Chicken Pakora or pakoda is an often-requested snack or appetizer at our home. Bite-sized flavorful fried chicken – pakoras have a crispy thin outer coating with perfectly cooked juicy chicken tucked inside.
This is not your average chicken nugget, but its flavor filled big brother. As it is made with chick pea (and rice) flour it is a perfect option for those low carb fans or those looking for gluten free dishes.
Fried not baked
These have to be FRIED, not baked. Frying gets a bad rap and indeed fried foods should not be what your everyday meal plan calls for. Deep fat frying creates the distinct flavors and textures that air fryers and baking cannot always hope to achieve. As long as you keep the oil at the right temperature and drain the fried food, an indulgence here or there is not something to worry about.
The stress induced by worrying about all this – well that is something you should worry about.
Again, I do want to say FRIED. Try the toaster and whatever new gadget that makes your feel better and wallets lighter – the fried version wins hands down!
Fair warning, I am going to ramble this time if you are here for the recipe It is time to scroll down!
Pakoras and rain
Well it is not just pakoras, but anything fried goes with rain. Maybe it is the contrast – all that moisture in the air makes one want to sip something hot and much on something crispy. Well at any rate I, like most folks with Indian heritage, reach for pakoras, samosas, and vadas once rains start.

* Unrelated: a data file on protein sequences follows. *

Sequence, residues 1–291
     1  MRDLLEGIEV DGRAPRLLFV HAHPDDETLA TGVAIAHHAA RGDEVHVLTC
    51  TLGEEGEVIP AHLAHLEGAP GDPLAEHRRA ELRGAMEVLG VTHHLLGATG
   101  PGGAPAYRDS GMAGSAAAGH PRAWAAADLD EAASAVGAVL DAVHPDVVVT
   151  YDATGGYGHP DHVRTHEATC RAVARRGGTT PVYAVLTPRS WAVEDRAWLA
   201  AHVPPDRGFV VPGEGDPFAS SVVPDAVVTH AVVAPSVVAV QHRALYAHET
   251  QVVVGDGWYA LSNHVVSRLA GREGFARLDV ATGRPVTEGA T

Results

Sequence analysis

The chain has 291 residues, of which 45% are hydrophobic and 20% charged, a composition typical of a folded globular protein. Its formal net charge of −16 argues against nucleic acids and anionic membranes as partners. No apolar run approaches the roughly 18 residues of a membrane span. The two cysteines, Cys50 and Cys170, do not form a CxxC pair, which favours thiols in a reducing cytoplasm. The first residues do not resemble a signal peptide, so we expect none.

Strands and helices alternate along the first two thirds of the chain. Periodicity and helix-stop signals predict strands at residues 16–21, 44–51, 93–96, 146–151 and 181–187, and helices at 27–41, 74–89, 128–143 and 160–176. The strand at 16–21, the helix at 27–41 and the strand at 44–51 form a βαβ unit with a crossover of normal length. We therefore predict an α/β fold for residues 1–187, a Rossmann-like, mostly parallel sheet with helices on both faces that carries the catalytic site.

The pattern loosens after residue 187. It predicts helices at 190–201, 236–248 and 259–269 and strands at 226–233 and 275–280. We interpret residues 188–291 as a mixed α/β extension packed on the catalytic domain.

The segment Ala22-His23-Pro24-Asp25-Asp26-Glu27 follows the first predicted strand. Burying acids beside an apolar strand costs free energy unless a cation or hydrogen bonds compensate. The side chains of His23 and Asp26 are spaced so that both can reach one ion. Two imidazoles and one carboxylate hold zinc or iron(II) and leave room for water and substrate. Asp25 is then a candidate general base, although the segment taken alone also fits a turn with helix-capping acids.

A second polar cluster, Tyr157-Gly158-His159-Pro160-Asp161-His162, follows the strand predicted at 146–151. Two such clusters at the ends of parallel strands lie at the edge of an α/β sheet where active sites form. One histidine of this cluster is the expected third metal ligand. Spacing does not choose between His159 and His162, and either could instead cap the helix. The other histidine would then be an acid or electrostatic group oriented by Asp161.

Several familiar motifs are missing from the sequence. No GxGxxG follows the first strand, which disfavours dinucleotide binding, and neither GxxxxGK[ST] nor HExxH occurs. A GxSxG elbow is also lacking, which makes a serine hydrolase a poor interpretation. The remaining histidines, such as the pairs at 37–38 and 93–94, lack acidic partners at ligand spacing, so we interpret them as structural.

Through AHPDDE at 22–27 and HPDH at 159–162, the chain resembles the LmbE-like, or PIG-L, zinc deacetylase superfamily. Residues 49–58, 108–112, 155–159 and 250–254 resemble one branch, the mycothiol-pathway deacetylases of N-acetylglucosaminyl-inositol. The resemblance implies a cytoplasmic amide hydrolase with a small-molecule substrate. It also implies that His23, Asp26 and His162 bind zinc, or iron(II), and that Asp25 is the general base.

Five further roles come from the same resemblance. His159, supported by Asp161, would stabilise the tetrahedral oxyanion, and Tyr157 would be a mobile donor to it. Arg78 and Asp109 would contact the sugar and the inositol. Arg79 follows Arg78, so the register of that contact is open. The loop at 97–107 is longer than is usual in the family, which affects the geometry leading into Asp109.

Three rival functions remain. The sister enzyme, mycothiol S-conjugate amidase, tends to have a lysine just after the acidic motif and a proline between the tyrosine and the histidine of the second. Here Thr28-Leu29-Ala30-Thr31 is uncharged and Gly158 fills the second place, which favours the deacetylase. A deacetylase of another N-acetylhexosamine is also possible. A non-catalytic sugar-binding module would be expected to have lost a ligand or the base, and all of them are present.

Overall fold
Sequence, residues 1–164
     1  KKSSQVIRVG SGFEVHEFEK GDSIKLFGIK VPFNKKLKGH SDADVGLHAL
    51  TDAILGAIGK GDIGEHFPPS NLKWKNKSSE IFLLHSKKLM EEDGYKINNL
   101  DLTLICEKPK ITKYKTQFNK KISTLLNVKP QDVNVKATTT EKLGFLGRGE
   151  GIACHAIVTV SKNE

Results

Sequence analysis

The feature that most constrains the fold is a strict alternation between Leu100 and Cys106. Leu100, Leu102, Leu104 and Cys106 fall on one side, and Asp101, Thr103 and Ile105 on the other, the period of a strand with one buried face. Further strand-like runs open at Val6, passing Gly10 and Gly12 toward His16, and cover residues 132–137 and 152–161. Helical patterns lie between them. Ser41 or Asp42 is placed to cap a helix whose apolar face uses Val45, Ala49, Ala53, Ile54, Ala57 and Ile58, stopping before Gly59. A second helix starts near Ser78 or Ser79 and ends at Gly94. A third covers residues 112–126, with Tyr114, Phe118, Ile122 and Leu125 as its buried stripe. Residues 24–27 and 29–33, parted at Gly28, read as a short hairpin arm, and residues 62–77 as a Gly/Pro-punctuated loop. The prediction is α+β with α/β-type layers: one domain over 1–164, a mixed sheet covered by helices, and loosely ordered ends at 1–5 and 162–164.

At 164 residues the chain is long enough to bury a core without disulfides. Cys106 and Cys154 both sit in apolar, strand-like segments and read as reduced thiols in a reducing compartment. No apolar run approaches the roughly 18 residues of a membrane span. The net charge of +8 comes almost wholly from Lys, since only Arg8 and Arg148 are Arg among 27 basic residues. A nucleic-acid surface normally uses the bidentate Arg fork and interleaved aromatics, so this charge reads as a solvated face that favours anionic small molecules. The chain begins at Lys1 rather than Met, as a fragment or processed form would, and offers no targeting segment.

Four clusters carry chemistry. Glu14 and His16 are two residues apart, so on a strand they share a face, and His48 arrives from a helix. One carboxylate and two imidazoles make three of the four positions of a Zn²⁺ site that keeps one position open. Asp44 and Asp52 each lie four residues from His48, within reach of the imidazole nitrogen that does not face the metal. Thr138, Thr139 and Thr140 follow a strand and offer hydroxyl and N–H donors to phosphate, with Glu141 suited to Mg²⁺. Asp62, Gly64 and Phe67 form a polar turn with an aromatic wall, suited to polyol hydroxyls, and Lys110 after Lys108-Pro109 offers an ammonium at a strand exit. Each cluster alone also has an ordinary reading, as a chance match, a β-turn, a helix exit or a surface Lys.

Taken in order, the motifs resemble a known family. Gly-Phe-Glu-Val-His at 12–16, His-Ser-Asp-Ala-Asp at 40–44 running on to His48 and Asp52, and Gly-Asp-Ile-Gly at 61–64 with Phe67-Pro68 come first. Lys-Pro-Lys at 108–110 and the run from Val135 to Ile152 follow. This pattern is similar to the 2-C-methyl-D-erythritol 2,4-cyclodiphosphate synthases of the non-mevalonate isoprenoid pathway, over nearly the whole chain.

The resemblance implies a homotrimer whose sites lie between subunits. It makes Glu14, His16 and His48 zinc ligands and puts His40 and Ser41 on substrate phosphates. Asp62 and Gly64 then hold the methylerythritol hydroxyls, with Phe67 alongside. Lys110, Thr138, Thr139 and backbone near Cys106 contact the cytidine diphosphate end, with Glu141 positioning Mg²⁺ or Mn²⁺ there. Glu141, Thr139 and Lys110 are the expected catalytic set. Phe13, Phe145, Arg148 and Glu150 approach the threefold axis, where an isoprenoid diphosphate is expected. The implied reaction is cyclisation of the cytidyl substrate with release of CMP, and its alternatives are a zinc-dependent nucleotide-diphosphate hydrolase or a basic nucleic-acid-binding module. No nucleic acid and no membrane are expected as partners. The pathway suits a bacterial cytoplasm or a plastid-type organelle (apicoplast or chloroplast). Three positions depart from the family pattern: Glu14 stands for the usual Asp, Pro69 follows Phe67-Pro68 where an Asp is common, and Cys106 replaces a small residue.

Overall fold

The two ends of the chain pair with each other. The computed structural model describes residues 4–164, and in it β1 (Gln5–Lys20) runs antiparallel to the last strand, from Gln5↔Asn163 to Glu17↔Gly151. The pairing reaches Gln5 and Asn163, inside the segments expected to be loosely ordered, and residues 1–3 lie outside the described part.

My rainy day favorites
I grew up where it rains for months, so rain music to me. I miss the sound of rain, the rhythmic pounding of raindrops on the roof is the nature’s symphony that I loved – and still loves to listen to for days on end. I miss the swishing tree branches and the lightning and most of all I miss the smell of the fresh earth and crisp clean air after the first rains! Time to pack up and move to Chirapunchi or Koorg!
What I don’t miss though is getting wet. Rain meant splashes of mud on the school uniform – not a fun thing when humidity is near 100% and cloth dryers were not an option. I was lucky as for the most part that was mom’s (and dad’s as he was in charge of ironing) problem. She wasn’t too happy to see the mud spots. So, by the time I turned a teen it started becoming my problem – Parents can get on your nerves that way, just ask my son!
He too loves chicken pakora, better than vegetables ones he would say if you ask. Usually if I make a batch there rarely are any leftovers. But if you have, serve it over salads or use in wraps or tacos.
Chickpea flour is a popular ingredient in Indian kitchen. Chickpeas take long to cook but chickpea flour on the other hand can be treated just like other flour. It has higher protein content, no gluten and has tons more flavor than wheat flour. You can find chickpea flour in Indian grocery stores, natural grocers or online! I am sure you can buy garbanzo beans and try grinding your own as well (disclaimer – never tried it).
In the strict sense of the word there is no batter here. Pieces of chicken is tossed in a mix of flour/s, spices, seasonings, egg.
Rice Flour – Wonder why tempura batter is made with rice flour, other than rice being ubiquitous in japan? Well it makes the fritters crisp! For the same reason some rice flour is added to the pakoras!
Egg is a wonderful binder and I would encourage you to use it here. You are eating the chicken anyway, might as well eat the egg! Trust me it tastes WAY better, when the egg is added.